Citing an “inadvertent” oversight in a previous downgrade of Ocwen Loan Servicing servicer rankings, Standard & Poor’s announced earlier this week that it was lowering its ranking of Ocwen as a residential mortgage master servicer from “above average” to “below average.”

In June, S&P cut Ocwen’s servicer rankings as a residential mortgage primary, subprime, special, and subordinate-lien servicer from “average” to “below average,” due to “deficient” internal controls environment and the regulatory issues of Ocwen Loan Servicing’s parent company, Ocwen Financial (OCN).

S&P did not include Ocwen Loan Servicing’s master servicer ranking in that downgrade, but announced earlier this week that Ocwen’s master servicer ranking should have been lowered at the same time.

“We are lowering our ranking because we inadvertently did not include it as part of our June 18, 2015, ranking actions in which we lowered our other residential and commercial servicer rankings on Ocwen,” S&P said in its announcement. “Today's ranking action corrects this error.”

Due to this week’s subsequent rankings downgrade, New Residential Investment (NRZ) was forced to repay $2.5 billion of term notes issued by the Home Loan Servicing Solutions Servicer Advance Receivables Trust.

“The $2.5 billion HSART term notes became immediately due and payable as a result of, and solely as a result of, the master servicer rating downgrade of Ocwen Loan Servicing, LLC announced by Standard & Poor’s Rating Services on September 29, 2015,” New Residential said in a release.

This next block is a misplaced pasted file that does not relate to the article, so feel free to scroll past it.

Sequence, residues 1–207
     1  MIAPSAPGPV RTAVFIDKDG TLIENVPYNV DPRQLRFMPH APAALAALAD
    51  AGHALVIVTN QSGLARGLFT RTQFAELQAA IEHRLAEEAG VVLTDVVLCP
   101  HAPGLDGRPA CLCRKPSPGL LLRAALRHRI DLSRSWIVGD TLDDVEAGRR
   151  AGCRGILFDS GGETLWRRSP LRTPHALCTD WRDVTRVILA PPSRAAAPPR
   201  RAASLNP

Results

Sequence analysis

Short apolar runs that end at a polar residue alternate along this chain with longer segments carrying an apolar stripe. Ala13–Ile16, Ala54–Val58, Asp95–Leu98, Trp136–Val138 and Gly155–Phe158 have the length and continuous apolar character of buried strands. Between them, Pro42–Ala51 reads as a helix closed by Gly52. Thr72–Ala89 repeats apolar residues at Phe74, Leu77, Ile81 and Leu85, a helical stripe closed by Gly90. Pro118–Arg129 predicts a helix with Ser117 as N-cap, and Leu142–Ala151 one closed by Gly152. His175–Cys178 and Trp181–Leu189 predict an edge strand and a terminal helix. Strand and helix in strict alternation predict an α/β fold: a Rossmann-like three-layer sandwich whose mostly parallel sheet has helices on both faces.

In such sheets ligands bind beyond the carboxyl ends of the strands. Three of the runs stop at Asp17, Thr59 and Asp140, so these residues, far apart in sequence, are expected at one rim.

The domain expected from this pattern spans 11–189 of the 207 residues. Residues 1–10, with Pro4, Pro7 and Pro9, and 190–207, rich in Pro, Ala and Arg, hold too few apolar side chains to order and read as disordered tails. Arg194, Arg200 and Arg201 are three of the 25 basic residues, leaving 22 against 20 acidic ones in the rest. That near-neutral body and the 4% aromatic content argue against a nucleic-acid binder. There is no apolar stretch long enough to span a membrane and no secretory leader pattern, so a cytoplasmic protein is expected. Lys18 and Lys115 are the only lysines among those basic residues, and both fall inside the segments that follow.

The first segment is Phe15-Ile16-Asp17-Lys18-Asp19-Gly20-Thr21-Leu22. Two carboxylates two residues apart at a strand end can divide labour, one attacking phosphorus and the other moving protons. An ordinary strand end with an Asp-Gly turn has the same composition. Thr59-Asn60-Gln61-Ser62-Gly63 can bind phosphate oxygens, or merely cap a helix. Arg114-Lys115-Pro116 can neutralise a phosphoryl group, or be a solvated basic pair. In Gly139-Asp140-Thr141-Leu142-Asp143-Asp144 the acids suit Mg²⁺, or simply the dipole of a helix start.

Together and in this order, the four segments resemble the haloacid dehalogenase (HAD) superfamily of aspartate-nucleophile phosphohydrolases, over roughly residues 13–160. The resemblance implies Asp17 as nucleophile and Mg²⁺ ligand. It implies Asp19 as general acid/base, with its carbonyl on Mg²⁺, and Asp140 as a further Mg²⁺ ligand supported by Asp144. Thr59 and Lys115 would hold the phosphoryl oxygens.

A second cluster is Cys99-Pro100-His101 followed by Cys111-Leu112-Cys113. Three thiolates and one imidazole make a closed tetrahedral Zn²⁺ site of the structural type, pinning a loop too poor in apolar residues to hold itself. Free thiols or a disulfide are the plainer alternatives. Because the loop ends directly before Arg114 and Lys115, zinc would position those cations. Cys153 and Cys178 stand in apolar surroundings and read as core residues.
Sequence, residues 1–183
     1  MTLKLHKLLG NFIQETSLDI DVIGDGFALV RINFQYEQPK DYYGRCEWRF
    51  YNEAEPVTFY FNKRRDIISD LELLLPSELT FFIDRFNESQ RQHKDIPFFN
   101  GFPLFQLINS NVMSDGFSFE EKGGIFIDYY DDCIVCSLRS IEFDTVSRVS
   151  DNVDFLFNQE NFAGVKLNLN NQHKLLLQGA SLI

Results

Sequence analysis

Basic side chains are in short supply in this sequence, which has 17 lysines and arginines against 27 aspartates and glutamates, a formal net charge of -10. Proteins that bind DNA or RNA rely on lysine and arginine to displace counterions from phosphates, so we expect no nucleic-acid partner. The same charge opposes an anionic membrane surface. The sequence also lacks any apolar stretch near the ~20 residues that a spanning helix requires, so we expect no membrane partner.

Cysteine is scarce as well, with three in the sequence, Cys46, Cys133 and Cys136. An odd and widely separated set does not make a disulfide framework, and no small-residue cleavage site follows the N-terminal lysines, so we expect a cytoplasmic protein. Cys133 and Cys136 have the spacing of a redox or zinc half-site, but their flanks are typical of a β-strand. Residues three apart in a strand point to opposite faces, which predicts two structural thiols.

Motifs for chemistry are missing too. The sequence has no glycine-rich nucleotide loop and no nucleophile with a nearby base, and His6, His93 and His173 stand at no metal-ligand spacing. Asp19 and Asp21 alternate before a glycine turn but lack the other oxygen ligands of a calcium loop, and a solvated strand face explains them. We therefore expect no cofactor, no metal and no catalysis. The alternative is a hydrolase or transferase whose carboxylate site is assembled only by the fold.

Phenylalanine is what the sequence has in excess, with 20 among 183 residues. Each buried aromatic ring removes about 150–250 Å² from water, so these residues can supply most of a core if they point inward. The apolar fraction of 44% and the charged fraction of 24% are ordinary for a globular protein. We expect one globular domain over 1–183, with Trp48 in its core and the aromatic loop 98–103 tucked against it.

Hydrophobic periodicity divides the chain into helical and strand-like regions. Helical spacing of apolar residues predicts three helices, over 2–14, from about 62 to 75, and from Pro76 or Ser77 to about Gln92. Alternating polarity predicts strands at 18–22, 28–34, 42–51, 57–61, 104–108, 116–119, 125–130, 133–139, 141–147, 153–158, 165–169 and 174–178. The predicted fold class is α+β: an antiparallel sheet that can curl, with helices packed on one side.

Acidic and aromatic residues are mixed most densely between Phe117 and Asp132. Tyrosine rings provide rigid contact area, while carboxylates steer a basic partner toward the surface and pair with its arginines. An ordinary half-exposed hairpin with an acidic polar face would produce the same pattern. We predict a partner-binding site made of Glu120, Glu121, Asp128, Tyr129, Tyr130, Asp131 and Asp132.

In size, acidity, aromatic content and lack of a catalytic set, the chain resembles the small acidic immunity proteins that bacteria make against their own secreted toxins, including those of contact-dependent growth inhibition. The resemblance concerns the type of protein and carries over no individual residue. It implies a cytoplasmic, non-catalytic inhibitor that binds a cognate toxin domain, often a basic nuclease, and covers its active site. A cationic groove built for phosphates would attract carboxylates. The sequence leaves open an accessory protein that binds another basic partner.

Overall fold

New Residential purchased HLSS in April of this year. At the time, Ocwen said in a filing with the Securities and Exchange Commission that HLSS’ ability to fund new servicing advances was a concern.

According to the SEC filing, Ocwen “continues to analyze and review” HLSS’ ability to fund servicing advances, adding that “a failure by HLSS to fund new serving advances could have a material negative impact on the company's financial condition.”

In its announcement, New Residential said that previously secured approximately $4 billion of surplus servicer advance financing commitments from its lenders. According to New Residential, the excess financing capacity was used to repay the $2.5 billion HSART term notes at par.

“From the early stages of planning for the HLSS acquisition, we were thoughtful in managing our liquidity and were diligent in securing surplus financing commitments to ensure a seamless paydown of the $2.5 billion term notes in the event of an Ocwen servicer rating downgrade,” said Michael Nierenberg, chief executive officer of New Residential.

“Under our surplus funding commitments, we are able to increase our advance rates and free up approximately $200 million of additional liquidity for near-term deployment,” Nierenberg said. “Furthermore, we look forward to continuing to work closely with Ocwen as one of our primary servicing partners.”

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